sour cream

I think the much more important question on the subject of sour cream is how can they sell “Fat free sour cream”? Which seems a bit like selling water free water.

Yeah, it should really be called “sour cream flavored product” or something. Fat free sour cream has a lot of added sugars and thickeners. Real sour cream is only 30 calories per tablespoon, anyway.

I guess you’re focusing on the “fat free… cream” part?

Yeah, that seems counterintutive. But if you can get a semi-congealed lactobacillus fermented milk product, it’s called “sour cream” even if it’s not cream based. (Unless it’s called “yogurt”. I’m a little unclear on the distinction, TBH.)

It’s all marketing, anyway. And I’m sure that the marketers would argue that once you arrive at a certain tartness and consistency, you can call it “sour cream” regardless of what you started with. It’s a lie, but what marketing isn’t?

That is a bit like Samsung marketing a iOS free iPhone.

Is it a fact that “some sour-inducing microorganisms invariably survive pasteurization,” as Cecil says? I’d think it would be easier for sour-inducing microorganisms to be introduced after opening the container than for them to survive pasteurization.

Dunno about “sour-inducing”, but some microorganisms inevitably survive “pasteuarization”

Partly because microorganisms are like cockroaches or rats, mostly because pasteuarization aint pasteuarization.

When Louis Pasteur invented pasteurization, he invented Long Life Milk using Ultra High Temperature processing. This gives milk a distinctive scalded flavour.

A common claim (dunno if it is true or not) is that what he was trying to do was to make milk safe to drink. This only requires temperatures high enough to kill common dangerous pathogens, and gives milk only a subtle scalded flavour. This is what happens to normal pasteurized dairy products.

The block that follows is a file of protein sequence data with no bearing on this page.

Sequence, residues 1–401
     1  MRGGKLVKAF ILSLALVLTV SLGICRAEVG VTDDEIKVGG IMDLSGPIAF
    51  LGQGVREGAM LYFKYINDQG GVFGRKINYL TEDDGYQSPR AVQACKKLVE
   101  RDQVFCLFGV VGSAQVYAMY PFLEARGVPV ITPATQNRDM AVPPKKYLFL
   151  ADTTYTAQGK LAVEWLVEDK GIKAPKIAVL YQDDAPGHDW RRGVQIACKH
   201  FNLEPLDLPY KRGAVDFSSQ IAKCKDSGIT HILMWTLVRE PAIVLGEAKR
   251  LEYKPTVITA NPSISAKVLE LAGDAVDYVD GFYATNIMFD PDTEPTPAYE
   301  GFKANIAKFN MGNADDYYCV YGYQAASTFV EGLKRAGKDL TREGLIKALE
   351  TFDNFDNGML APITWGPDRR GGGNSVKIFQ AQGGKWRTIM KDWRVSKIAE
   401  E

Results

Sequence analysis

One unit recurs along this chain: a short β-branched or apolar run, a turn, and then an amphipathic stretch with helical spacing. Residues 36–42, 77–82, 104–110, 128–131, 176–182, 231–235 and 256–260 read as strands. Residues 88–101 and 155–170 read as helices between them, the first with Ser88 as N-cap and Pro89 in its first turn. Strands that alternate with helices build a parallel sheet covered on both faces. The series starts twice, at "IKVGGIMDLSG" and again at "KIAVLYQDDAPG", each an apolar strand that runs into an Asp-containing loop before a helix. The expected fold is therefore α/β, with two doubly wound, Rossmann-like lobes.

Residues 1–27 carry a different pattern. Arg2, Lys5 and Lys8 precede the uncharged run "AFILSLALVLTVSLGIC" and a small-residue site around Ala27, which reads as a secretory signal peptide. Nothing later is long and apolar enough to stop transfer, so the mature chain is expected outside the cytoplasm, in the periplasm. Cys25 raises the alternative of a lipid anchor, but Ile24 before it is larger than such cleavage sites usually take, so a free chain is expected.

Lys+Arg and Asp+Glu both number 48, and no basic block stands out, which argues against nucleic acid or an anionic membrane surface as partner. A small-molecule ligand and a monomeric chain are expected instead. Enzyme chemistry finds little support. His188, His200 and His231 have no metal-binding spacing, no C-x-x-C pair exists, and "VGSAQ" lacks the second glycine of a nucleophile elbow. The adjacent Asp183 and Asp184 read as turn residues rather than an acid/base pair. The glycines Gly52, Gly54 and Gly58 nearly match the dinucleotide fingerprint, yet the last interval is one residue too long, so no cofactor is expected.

Unless you are careful, pasteuarizing milk to make it safe to drink actually makes it more likely to go off, because warming milk encourages the growth of sour-inducing microorganisms. I guess milk suppliers are careful, but I have inadvertantly bought flavoured milk past it’s use-by date that has gone off, even though unopened.

Ah, good points, Melbourne.

Now how about evaporated milk – what keeps that from spoiling? Hotter pasteurization? Or is it that being canned provides a more effective barrier against microbes? I know the lower moisture content is part of it, but bacteria can still grow in it, if left opened: http://www.milkingredients.ca/index-eng.php?id=179

I’d suspect one difference is that the milk can be pasteurized within a sealed can, but not within a plastic bottle or paper carton; there’s probably room for the introduction of microorganisms between the time of pasteurization and bottling (including maybe using a not-so-sterile bottle).

Fat-Free Half & Half

Which prompts the question: half what? And what is the other half?

Weird – cream is an ingredient in the “fat free” half & half.

This sounds a lot like the “0 calorie” packets of artificial sweetener, which are composed mainly of dextrose (a.k.a. glucose) and maltodextrin (i.e., they definitely have calories). They size the packets just right so that they can take advantage of an FDA loophole that allows anything containing fewer than 5 calories to round down to 0 calories on its labeling.

Since the serving size of the half & half is only 2 tablespoons, I’m guessing it would be easy to round down the fat out of [ostensible] existence. Mainly, though, they’re apparently just replacing the cream with corn syrup, as if that’s so much healthier for you…